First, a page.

Blogging moves into the Second Chamber

How can you keep track of what is going on in the Lords? You can read Hansard, you can watch BBC Parliament, there might be the odd article in the papers.

The Lords has been quite a closed shop, more by accident than design. Yet it is busy, bustling, important and relevant. The challenge is how to get the public to tap into that potential.The answer may be found online through blogging. This is the hypothesis of the ‘Lords of the Blog’ pilot launched by the House of Lords and the Hansard Society at

At the end of 2007, I made some predictions about political uses of the web over the next 12 months. One was that the House of Lords would turn to blogging to encourage public awareness and participation. Of course, I was dealing on some insider info. Fundraising for ‘Lords of the Blog’ was one of my last duties at the Hansard Society. But finding the funds was no guarantee that the blog would see the light of day. The kudos for that lies with Barry Griffiths, the project coordinator, and Liz Hallam-Smith, the Lords Librarian for having the foresight to see the value in such an experiment.

I spoke to Barry on Tuesday a day after the public launch to find out the latest. He has sober ambitions for this first foray into the blogosphere by the second chamber, but was affording himself the chance to bask in a successful launch and a flurry of media and public interest. I asked him just to take a step back and explain what the goals of the exercise were:

‘The pilot currently benefits from having nine Peers who each bring their own area of expertise to the blog. Since January 2008, during the testing phase for the blog, it has been great to see the peers involved become more comfortable using the blog.

The Peers have come together from across the House to make short regular entries providing an insight into the business of the House of Lords and to talk about their own activities in and around the Chamber. Members will write and upload material and moderate user comments themselves’.

So on the paper this is an exercise 1) to inform the public, 2) to encourage the ‘right of reply’ but 3) to build up skills and capacity within the Lords. But I wanted to know how Barry sees things panning out in reality:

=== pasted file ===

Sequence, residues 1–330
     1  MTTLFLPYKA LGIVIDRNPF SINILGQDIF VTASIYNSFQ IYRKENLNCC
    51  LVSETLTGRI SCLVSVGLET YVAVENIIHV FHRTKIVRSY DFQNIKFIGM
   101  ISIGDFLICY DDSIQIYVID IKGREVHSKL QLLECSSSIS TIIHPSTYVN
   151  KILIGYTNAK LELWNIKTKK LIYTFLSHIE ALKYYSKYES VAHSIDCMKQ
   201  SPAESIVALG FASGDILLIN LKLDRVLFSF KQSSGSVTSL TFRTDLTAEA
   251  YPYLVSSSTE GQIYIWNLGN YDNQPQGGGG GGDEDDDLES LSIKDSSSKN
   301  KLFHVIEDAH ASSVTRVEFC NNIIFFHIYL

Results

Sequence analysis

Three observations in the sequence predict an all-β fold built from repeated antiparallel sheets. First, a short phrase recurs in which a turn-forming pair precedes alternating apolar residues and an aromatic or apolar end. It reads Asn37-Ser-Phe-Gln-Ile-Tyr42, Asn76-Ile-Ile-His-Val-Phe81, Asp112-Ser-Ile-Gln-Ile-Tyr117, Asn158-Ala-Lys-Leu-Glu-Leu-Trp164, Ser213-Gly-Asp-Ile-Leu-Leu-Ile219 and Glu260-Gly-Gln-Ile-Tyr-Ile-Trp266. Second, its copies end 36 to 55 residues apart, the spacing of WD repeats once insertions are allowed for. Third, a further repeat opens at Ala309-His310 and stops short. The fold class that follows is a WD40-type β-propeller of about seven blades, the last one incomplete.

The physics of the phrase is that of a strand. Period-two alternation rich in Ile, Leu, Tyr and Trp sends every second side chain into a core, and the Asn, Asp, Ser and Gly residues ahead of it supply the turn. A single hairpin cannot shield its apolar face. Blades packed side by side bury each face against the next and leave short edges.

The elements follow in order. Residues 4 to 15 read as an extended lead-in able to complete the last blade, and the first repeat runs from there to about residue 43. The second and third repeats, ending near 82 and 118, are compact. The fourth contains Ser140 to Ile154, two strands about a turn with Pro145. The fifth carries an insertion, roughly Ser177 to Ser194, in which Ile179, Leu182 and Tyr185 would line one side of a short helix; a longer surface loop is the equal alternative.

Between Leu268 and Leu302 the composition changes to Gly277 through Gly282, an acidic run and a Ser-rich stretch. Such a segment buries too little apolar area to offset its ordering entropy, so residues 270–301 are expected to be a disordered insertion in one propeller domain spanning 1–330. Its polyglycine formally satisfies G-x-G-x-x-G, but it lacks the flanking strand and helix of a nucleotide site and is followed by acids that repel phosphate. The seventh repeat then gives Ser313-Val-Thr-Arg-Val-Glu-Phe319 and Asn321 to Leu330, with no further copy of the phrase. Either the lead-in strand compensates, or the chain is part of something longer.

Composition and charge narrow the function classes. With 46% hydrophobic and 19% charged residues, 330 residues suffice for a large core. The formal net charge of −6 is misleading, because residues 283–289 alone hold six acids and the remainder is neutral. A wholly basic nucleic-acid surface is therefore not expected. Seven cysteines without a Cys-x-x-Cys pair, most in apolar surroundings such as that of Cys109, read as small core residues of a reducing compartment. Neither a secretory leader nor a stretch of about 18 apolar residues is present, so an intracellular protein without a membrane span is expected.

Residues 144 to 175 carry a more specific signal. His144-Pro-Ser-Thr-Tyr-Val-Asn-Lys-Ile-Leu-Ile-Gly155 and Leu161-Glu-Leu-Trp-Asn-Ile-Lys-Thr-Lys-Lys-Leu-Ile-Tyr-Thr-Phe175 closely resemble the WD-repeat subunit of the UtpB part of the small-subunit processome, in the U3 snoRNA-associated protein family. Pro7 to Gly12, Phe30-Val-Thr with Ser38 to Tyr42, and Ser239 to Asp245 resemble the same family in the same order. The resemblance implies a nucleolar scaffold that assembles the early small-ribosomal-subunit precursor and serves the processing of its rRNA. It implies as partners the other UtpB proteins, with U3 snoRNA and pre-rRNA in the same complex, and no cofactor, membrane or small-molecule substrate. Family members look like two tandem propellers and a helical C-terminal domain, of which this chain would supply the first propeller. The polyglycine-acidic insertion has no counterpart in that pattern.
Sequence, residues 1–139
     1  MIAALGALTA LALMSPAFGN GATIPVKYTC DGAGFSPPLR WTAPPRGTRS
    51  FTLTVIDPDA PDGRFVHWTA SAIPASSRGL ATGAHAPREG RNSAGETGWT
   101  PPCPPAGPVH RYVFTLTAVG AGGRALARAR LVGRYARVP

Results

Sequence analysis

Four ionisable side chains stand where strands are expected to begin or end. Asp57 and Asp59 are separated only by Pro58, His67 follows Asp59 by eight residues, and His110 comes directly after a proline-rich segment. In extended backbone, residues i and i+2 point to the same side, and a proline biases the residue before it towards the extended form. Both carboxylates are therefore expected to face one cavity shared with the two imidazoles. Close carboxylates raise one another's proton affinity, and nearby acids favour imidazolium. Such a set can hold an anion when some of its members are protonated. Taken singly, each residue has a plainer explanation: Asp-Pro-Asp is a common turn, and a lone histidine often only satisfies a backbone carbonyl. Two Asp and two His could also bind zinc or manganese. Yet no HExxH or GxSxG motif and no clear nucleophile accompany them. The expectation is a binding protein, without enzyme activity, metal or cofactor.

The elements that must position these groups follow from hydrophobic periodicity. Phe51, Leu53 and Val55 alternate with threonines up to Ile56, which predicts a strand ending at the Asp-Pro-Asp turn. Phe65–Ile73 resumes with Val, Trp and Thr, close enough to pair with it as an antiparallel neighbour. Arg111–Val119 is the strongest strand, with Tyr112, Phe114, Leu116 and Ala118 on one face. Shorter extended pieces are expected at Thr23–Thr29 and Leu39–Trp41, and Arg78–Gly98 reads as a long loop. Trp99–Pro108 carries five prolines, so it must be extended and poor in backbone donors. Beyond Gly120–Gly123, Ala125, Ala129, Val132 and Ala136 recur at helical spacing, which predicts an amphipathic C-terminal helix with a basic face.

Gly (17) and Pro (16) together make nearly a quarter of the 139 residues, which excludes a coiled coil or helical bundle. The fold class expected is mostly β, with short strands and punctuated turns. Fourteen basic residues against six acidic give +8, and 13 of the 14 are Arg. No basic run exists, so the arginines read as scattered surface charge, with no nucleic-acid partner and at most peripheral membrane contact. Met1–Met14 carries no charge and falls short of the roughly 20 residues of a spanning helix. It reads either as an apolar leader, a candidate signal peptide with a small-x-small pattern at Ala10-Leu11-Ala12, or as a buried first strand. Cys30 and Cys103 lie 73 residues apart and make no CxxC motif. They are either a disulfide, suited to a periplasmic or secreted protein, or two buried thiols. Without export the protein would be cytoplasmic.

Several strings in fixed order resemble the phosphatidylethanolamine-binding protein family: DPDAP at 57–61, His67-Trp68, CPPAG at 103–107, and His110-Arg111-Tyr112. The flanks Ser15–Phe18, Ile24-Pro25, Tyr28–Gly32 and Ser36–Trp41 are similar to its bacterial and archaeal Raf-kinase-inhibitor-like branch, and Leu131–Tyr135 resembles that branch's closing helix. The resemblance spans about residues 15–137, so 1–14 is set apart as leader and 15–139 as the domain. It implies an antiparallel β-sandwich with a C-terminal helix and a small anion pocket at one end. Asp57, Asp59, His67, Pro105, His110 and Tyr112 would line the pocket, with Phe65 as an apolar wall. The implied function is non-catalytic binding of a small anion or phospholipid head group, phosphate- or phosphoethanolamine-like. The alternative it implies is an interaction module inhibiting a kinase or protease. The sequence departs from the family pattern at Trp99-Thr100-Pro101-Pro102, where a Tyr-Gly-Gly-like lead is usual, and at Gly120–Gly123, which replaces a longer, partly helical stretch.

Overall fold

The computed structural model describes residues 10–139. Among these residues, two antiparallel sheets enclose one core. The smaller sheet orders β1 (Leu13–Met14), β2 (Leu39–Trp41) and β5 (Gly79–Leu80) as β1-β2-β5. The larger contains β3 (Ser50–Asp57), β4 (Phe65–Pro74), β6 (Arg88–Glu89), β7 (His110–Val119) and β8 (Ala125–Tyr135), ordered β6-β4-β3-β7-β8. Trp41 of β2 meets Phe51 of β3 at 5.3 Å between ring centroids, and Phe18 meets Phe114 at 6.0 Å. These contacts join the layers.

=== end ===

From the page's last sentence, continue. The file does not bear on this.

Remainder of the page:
‘The blog will run for an initial 6 month period with the possibility of extending this deadline if there is sufficient interest from the contributing Peers and blog audience.

The contributing members have been posting content on the development site since January 2008 to get them up to speed on the nuances of blogging. The immediate goals for the project are using it as both an education and communication tool to increase public engagement with the work of the Upper House and its Members.

The group of contributing Peers will be added to once the blog goes live. Some of the original nine Peers may well stop blogging but we hope to continue to introduce new Peers to blogging in order to keep the interest of visitors to the blog’.

I think this is the right approach – iterative steps and flexibility will be key to the pilot’s success. And what of success? What will a successful ‘Lords of the Blog’ look like? Exact performance indicators are less clear but suffice to say an evaluation report will be carried out and published so that we can all learn from the exercise:

‘For the next six months the Hansard Society will evaluate the pilot, capturing data about the audience of the blog in order to assess its reach and value. This evaluation will take the form of pre- and post-engagement surveys completed by blog visitors, plus interviews with contributing members and the Lords authorities’.

I look forward to the report over time, but at the moment I’m just enjoying reading the entries and the insights they share. So good luck to all involved. So far so good!

Thinking forward, I can see three challenges facing the Hansard Society and the contributing Peers:

  1. How can the blog be kept in the public eye after the initial ‘welcome’ goes cold (less than a month away, probably)?
  2. How can the Peers interest be maintained to ensure regularly and engaging contributions?
  3. Can the Peers be encouraged to incorporate other media to prevent the blog becoming too text heavy?

These are challenges that every new public-facing blog faces in its first months of live. But when the blog in question belongs to an institution struggling to communicate its very important role to the public at large, the stakes are all the higher and all the more worth the trouble.

2 thoughts on “Blogging moves into the Second Chamber

  1. Hi, directed here from a recent post from Lord (Clive) Soley at (‘Partytime’,30 April 2008)

    I don’t know why the Lords didn’t do this earlier. The pioneers have, in large, made a great effort in replying to the diverse questions and comments, giving insight and a dollop of humour alongside.

    The challenges you mention above are, however, very real and I do hope Barry is thinking ahead.

    I’m going to spend a bit of time looking at your site now!


  2. Appreciate your thoughts (and your visit).

    It’s a good blog so far; they’ve done well.

    I think the best thing that we public can do for them is keep reading, commenting and providing constructive feedback. Right?

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